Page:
Richmond producer Daniel Davis released his third EP as lo-fi chiptune artist an0va titled “Double Density” on Sept. 9.
The EP features six tracks produced with Protracker 2.3 software on a Commodore Amiga 500, a computer most popular during the ‘80s and ‘90s.
“The whole album is big and thick,” Davis said. “Pretty much booty music made by a nerd for nerds.”
Started in fall 2015 and completed by January 2016, Davis sat on the project until September due to scheduling conflicts with his label.
Unlike his previous EP, “Ego Depletion,” which he made using a Nintendo Gameboy, Davis said producing “Double Density” with an Amiga allowed Davis to important samples and bit crush them.
Bit crushing samples creates the video game music sound a lot of people are familiar with, Davis said. This is achieved by changing the bit depth between and the highest and lowest frequency range in a sample, he said.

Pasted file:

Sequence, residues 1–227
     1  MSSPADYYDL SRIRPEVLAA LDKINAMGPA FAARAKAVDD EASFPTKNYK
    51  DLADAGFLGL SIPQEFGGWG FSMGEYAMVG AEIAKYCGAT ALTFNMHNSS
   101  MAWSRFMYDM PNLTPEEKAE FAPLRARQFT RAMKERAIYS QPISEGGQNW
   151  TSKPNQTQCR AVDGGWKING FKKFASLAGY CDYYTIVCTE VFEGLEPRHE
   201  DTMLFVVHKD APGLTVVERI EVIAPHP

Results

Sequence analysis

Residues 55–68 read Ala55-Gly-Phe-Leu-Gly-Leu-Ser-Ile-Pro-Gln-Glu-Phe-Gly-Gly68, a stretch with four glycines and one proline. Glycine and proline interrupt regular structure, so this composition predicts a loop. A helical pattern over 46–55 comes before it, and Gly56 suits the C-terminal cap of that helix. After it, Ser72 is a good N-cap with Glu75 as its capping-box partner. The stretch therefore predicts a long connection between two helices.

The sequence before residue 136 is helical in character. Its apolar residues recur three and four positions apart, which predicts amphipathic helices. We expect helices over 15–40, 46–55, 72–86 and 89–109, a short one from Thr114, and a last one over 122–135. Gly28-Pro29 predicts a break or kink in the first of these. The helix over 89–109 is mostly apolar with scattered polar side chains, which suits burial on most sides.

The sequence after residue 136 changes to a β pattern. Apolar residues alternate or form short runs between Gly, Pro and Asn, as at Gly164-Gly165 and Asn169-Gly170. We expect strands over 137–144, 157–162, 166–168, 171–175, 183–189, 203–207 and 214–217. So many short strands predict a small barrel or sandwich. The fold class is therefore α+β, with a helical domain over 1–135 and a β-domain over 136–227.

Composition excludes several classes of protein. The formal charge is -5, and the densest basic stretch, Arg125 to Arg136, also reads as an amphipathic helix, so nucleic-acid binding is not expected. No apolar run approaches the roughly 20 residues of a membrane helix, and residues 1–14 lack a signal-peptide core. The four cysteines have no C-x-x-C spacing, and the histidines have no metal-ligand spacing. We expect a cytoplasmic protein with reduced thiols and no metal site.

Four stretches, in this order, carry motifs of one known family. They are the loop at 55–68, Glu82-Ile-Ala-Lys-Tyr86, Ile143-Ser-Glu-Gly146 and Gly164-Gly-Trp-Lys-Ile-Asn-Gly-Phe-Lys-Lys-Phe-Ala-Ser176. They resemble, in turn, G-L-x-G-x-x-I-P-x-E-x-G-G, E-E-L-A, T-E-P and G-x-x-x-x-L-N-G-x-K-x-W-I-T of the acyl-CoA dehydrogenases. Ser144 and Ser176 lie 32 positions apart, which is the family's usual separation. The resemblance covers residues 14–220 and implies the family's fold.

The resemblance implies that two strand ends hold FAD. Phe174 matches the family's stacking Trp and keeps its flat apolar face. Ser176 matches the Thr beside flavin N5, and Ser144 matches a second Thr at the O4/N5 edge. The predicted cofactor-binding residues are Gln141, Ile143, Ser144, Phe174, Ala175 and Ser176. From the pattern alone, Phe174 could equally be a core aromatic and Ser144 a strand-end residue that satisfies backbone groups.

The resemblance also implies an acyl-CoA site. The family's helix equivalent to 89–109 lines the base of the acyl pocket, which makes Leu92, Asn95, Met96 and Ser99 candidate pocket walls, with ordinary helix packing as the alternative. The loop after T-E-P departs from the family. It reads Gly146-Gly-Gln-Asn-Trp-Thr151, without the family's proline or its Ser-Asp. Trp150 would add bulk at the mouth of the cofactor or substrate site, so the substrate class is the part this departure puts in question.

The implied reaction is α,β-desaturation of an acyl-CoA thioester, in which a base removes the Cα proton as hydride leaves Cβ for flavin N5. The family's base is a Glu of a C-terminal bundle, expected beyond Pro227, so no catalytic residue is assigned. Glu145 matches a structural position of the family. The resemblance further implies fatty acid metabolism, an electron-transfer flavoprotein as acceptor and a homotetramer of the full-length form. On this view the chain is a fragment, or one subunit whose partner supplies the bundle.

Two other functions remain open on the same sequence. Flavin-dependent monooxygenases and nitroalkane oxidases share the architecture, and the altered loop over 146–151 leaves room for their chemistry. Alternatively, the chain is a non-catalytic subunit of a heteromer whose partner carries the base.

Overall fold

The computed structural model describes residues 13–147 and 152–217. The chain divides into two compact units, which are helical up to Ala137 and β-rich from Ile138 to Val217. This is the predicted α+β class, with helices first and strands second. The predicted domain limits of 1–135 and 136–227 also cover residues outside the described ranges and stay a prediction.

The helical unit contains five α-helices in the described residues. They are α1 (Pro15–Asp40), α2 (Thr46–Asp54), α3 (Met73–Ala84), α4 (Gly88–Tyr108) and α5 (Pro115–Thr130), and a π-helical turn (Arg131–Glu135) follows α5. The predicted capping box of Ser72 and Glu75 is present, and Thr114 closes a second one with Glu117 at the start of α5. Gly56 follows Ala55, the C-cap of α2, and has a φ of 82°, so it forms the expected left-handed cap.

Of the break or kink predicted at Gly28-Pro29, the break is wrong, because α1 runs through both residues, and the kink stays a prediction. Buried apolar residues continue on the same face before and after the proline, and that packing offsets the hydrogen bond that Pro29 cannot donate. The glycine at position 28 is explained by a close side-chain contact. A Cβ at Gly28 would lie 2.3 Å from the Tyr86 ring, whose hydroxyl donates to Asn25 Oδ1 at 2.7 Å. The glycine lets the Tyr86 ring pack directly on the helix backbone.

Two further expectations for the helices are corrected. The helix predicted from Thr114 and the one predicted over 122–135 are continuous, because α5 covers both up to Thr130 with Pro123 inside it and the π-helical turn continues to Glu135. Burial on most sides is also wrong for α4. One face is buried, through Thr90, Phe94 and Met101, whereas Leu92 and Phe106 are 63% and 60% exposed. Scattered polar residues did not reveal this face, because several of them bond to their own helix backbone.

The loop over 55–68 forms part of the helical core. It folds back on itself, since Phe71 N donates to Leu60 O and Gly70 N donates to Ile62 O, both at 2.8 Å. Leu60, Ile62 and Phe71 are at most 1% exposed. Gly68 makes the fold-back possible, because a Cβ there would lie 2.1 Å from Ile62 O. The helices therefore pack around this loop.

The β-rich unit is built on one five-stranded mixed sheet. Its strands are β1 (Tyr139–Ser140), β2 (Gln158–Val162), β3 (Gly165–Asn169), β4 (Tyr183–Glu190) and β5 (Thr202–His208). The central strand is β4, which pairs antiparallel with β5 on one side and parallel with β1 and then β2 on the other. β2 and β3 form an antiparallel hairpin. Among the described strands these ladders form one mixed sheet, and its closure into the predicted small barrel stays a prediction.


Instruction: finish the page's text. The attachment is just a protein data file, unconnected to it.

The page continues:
“It adds an aesthetic quality to it,” Davis said. “It adds that lo-fi sound.”
Amiga computers have no internal hard drive and require double density floppy disks to save and transport work. This feature is what inspired the album title, Davis said.
Davis said he planned the EP to be full length, but the double density floppy disks Amigas require are rare and decades old. After his supply wore out, Davis said he decided on a six track release instead.
“Whereas other an0va releases were pretty esoteric, this
album was made with more clear goals: pumping speakers in a loud club and shaking butts,” states an0va’s Bandcamp site.
Jesse is a junior print journalism major and Arabic and Middle Eastern culture minor. He has walked in the valley with no water and bitten the heads off of snakes.